Last night as we were reviewing our options for the way to the Dead Sea, the guy at the hotel who originally suggested our spectacular hike also suggested a scenic drive, part of which was along a road that "is no longer actively maintained" since the government built the new modern highway. But! It would afford us beautiful views he said.
The next morning we decided to start off with another of the old Nabatean cities along the Spice Route - Avdot. It sits on a hill and unlike Petra seemed to have had a much longer life after the fall of Nabatea being repurposed by both the Romans & the Byzantines. About a third of the town was evident in one way or another and we spent a good two to two and a half hours exploring the ruins, speculating on the development and fall of what was once one of the world's most powerful cultures.
From there we went to Ein Avdot ("ein" means "spring" - the water kind rather than the coiled metal kind- in Hebrew) a little further up the road. The cliffs this time were a rich creamy white, towering over the spring's waterfall and resulting little stream. Unfortunately, it was at Ein Avdot that we finally ran into other tourists - about 6-7 bus loads of them, mostly school children. This made the otherwise idyllic canyon echo at times quite painfully and it also meant that following the trail to the tops of the cliffs was much too crowded. So we enjoyed the little river and made our way leisurely back to the car, leaving the kids to run amok higher up the canyon itself. Not for the future: do this *much* earlier in the day before the busloads of school kids arrive.
From there we drove down highway 206 which wound its way through the Large Makhtesh, another stunning piece of scenery. The drive was a little harrowing as the road narrowed to a single lane after we left Yerucham (our lunch stop - more schwarma and pickles), and there weren't an insignificant number of buses trying to go the other way. Still, it was beautiful, though Stephen and Branson did much of the oogling while I drove (Stephen having done the majority so far).
After that we hit route 227 - the road that would take us to the third Makhtesh of the region - the Small Makhtesh - and the road the hostel guy suggested, you know, the one that's no longer maintained. We drove part way down to the section of trail leading out to the lookout point over the Small Makhtesh. While (obviously) smaller than the Large Makhtesh or Makhtesh Ramon, it was in some ways even more impressive since you could see the entire crater from a single vantage point. Really beautiful.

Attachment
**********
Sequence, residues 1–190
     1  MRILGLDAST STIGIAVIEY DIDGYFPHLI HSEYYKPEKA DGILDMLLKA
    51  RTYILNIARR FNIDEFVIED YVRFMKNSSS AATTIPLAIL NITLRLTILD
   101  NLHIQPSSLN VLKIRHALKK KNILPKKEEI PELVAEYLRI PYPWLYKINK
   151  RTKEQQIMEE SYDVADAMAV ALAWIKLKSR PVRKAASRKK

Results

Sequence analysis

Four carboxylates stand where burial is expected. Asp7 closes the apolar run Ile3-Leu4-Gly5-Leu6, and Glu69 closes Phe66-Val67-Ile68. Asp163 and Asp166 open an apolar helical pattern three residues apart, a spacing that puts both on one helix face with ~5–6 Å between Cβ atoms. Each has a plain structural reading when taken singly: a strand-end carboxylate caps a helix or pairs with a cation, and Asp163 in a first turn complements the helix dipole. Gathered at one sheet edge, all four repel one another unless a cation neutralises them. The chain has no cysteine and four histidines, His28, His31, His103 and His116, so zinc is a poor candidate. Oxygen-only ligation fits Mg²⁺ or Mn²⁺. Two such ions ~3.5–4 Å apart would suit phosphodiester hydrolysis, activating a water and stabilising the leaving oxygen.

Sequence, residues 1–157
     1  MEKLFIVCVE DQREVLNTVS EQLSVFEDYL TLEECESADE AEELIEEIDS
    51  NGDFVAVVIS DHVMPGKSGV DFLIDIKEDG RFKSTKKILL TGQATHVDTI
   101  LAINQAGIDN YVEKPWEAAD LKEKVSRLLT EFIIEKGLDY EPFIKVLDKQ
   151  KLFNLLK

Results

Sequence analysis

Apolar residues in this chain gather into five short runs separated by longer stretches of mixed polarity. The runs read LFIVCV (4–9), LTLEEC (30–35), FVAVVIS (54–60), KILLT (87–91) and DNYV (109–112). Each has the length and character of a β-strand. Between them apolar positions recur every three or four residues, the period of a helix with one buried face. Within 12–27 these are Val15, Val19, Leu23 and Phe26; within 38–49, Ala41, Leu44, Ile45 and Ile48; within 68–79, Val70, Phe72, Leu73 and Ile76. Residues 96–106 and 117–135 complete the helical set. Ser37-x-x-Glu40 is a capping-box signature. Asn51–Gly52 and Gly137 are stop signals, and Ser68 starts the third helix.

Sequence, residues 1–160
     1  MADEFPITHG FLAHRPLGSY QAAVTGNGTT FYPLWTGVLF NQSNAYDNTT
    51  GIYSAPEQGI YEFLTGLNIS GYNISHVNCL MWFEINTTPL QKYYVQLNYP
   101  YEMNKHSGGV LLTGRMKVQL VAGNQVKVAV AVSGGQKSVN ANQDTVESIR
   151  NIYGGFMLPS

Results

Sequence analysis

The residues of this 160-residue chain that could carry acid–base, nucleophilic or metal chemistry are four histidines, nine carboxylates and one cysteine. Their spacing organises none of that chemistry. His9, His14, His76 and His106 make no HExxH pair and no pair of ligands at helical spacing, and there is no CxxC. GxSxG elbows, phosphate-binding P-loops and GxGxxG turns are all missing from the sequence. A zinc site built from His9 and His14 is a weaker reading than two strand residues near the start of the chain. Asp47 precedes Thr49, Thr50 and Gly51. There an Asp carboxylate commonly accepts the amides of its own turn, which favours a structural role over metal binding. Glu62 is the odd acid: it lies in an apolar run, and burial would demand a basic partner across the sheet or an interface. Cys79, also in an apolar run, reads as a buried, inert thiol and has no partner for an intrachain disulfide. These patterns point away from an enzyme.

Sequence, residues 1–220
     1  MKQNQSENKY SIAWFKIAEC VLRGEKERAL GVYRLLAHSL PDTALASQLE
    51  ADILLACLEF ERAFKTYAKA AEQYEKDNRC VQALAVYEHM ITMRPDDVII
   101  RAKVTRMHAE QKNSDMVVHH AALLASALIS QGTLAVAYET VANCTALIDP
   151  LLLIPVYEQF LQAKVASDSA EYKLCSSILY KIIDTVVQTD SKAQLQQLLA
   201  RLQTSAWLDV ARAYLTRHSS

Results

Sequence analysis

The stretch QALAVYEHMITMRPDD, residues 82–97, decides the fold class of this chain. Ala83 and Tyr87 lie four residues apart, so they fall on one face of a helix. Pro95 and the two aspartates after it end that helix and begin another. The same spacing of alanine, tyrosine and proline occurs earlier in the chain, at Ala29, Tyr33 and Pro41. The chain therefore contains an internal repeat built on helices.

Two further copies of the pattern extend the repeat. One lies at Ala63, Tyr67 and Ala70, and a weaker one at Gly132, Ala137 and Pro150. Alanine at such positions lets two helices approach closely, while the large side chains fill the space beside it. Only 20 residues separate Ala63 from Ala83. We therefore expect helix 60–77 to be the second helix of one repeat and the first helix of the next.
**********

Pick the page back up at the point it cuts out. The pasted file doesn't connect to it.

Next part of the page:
Now, we had to decide - continue down route 227 or turn back. Being brave and having plenty of daylight, we decided to give it a go. The road condition wasn't as bad as we feared and it did give us some amazing views over yet another desert valley (again mostly enjoyed by Branson & Stephen - though I got glimpses!). A plaque by the side of the road said that it was built over the old Roman road which led down to the sea at what is now Eilat. To give you and idea of grade, the original Roman road had stairs over which pack animals had to be led and carriages carried. It was also the site of a terrorist attack carried out by Jordanian terrorists in the early days of Israeli statehood. So a bit of history and some more natural features of what is thought as a desolate corner of the country - desolate, perhaps, but really really beautiful. So very glad we did it!
This put us into our next hostel - Shkedi's Camplodge. It's something of a unique mixture of tents and cabins in the bedouin style. But it has free wifi, kitchen facilities & hot showers. Still, I bet you can tell the boys booked this stop, can't you? It should give us something of a feel for the local colour - so far a little mixed. We'll see how this goes.
But I can smell dinner just about ready to come off the stove (Branson's cooking a thai chicken curry, yum!), so that's it for me tonight. Stay tuned for tomorrow's adventure!
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